Last Thursday four volunteer Path Wardens and I did some work on the steps at Elphinstone leading onto the Pencaitland Railway Walk. We replaced some of the wooden uprights and dug out the weeds that had overgrown many of the steps. We then lugged whindust up the steps to re-surface them all. I am very grateful for all of the hard work that the Path Wardens put in. It was a lot of hard work on a surprisingly warm day. The steps look so much better for it all. The path leading to Elphinstone and the Railway Walk have recently been resurfaced using Ulti-trec, so the steps were looking a little scruffy until this work was done.
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Contrary to what i may have said to a few of you, we are not going to be working on the River Tyne, instead we shall tackle some repairs to a flight of steps adjoining the Pencaitland Railway Walk at Elphinstone. Though a relatively small job – it will only need say 6-8 of you and should only take the morning, I trust it is one that will give both on the ground experience and a sense of satisfaction -se…eing dodgy steps made good is always satisfying and we need to do this at other sites around the county (yes Janice, I am thinking of the Tyne at Tyninghame, amongst others).
So, if you would like to attend, as i am away, can you email Nick who’ll be in charge at mailto:email@example.com
Parking: In Elphinstone as best as you can. Please don’t park on the access road / path itself as it is both new and the landowner is not keen on vehicles there.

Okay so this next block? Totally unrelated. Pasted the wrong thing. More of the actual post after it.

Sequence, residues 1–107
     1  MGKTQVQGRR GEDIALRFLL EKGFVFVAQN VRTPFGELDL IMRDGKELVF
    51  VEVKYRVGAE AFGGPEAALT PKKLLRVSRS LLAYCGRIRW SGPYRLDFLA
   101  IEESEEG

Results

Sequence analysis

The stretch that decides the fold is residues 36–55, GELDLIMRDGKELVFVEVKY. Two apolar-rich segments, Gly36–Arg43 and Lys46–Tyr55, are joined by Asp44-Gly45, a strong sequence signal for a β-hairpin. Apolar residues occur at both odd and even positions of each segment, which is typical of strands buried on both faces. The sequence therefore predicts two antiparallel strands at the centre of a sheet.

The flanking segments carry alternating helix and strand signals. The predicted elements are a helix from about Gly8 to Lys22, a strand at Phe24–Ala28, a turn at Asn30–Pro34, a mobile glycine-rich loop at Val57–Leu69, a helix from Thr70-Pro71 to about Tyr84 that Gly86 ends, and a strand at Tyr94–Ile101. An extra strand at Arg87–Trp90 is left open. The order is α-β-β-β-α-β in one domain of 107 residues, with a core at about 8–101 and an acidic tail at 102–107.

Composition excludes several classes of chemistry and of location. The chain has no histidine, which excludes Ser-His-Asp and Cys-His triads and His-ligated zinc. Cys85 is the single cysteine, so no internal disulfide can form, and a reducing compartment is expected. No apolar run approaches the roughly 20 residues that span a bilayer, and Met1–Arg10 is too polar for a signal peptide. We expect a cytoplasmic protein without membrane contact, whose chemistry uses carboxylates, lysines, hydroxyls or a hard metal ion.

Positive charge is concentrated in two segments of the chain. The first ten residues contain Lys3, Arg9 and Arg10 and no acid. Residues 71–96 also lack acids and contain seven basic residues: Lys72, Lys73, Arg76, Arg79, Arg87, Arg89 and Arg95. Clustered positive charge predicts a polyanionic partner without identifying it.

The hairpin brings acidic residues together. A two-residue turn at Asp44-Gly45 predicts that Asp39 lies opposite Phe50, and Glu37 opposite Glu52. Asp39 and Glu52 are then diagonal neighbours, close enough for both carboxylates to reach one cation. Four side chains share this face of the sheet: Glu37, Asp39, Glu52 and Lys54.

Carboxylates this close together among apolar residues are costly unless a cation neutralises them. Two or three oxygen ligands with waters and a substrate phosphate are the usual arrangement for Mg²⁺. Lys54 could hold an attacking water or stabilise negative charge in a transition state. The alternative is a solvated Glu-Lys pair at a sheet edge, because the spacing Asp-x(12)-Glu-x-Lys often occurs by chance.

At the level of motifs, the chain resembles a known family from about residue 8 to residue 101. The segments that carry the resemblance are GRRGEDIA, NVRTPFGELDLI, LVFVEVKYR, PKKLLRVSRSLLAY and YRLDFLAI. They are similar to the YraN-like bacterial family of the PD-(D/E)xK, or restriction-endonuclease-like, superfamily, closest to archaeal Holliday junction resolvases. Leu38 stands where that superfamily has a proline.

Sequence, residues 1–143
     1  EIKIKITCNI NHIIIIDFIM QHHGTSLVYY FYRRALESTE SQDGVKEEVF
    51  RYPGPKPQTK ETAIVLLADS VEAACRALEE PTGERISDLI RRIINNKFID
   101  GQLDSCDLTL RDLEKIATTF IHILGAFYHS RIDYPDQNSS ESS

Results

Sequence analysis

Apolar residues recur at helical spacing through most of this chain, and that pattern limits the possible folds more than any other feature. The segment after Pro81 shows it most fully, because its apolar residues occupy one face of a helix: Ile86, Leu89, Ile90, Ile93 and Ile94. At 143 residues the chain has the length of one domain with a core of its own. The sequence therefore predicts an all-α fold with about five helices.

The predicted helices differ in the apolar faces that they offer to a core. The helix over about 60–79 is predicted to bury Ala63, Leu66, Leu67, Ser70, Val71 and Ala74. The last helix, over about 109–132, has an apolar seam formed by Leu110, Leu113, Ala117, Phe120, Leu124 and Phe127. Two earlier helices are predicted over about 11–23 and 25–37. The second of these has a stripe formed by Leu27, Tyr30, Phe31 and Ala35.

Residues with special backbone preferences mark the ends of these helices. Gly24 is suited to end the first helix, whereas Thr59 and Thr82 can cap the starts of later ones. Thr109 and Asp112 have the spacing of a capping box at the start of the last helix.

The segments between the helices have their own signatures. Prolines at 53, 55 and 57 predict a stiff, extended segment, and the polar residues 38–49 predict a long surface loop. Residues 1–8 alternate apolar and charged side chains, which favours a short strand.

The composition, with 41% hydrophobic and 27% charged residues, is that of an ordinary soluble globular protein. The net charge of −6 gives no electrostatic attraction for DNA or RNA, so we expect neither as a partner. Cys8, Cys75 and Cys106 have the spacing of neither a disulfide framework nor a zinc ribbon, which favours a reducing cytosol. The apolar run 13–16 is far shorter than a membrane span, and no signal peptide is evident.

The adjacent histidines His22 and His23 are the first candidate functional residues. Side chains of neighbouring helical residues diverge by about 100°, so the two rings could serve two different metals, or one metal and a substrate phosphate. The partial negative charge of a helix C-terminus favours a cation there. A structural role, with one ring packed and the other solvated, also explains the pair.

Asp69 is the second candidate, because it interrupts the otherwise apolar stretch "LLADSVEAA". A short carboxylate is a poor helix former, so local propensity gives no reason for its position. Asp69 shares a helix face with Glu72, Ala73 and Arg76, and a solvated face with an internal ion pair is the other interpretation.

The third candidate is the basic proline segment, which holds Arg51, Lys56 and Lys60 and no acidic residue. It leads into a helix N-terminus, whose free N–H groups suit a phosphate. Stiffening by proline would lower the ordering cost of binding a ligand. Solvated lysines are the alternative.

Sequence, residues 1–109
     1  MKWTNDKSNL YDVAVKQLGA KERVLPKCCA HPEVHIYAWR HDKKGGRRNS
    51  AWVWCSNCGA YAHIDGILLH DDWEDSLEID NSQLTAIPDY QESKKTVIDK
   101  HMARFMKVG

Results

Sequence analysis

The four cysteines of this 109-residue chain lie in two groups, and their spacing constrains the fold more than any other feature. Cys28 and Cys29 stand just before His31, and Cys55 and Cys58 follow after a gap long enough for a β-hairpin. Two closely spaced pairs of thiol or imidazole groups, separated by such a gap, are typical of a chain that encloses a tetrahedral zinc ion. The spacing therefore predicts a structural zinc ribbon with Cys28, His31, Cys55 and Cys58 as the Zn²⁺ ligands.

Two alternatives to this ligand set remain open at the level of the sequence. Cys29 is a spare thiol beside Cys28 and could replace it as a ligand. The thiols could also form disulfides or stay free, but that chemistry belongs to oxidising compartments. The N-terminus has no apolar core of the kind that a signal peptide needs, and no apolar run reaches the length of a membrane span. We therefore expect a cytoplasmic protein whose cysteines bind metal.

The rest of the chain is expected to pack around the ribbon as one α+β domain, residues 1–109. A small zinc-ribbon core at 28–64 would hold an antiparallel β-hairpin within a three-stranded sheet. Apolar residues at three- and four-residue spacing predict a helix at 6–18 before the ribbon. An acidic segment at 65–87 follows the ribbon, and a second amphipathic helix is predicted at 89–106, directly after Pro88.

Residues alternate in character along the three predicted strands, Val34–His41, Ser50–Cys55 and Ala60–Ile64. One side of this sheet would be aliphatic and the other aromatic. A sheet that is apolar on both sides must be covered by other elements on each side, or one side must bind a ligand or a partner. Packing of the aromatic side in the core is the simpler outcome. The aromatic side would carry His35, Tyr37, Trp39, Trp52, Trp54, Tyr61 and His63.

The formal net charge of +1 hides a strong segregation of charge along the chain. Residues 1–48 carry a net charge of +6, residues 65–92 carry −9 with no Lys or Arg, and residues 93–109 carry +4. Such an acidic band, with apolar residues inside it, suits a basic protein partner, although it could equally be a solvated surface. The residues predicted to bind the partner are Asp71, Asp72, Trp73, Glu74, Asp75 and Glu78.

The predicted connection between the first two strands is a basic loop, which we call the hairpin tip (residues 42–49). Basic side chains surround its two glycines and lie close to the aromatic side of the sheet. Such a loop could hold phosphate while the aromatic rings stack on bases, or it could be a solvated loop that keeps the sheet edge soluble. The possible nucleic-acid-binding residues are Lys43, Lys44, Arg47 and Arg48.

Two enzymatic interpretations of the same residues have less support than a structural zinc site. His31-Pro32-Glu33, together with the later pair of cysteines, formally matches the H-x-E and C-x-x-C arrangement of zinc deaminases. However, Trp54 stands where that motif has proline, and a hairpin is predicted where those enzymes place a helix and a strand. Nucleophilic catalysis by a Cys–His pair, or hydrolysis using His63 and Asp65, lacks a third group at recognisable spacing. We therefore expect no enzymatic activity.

Work to be done:
Steps to repair – between 5-7- and tidying up around their edges. Some ‘rural joinery’ practice and a bit of hauling up of whin dust from the bottom of the steps will form the basis of this task which should only take a few folk the morning.
Training. Nick is a grand step master so will guide the work.
If it is benign and butterfly-like he may divert you along these lines, too.
What to bring?
Old clothes for working in – including boots and gloves if you have them.
Bring also some food and drink for lunch
Hammer if you have on
A few spades for the group as a whole
Tools and Equipment being used on the day:
Saws – for cutting step risers
Mattock – for knocking in stakes
Spirit level – I can dream – for getting steps and risers perfectly level and vertical!
Hammers – for nailing stakes to risers
Claw hammer / crow bar for taking out any bent nails. Surely there’ll be none!
Let Nick know if you plan to come along, thanks!
Join us on a guided walk along the River Tyne Path on Saturday 30th April.
The walk will give you a great way to stretch your legs, perhaps discover this delightful route for the first time, but certainly the chance to learn more about the wildlife, history and management of the path and its surrounding countryside – from the volunteers and from our local experts, rangers from the ELC Countryside Ranger Service, who will be stationed at various points along the route.
See more details, and register, on the SpringTyne Stroll page.
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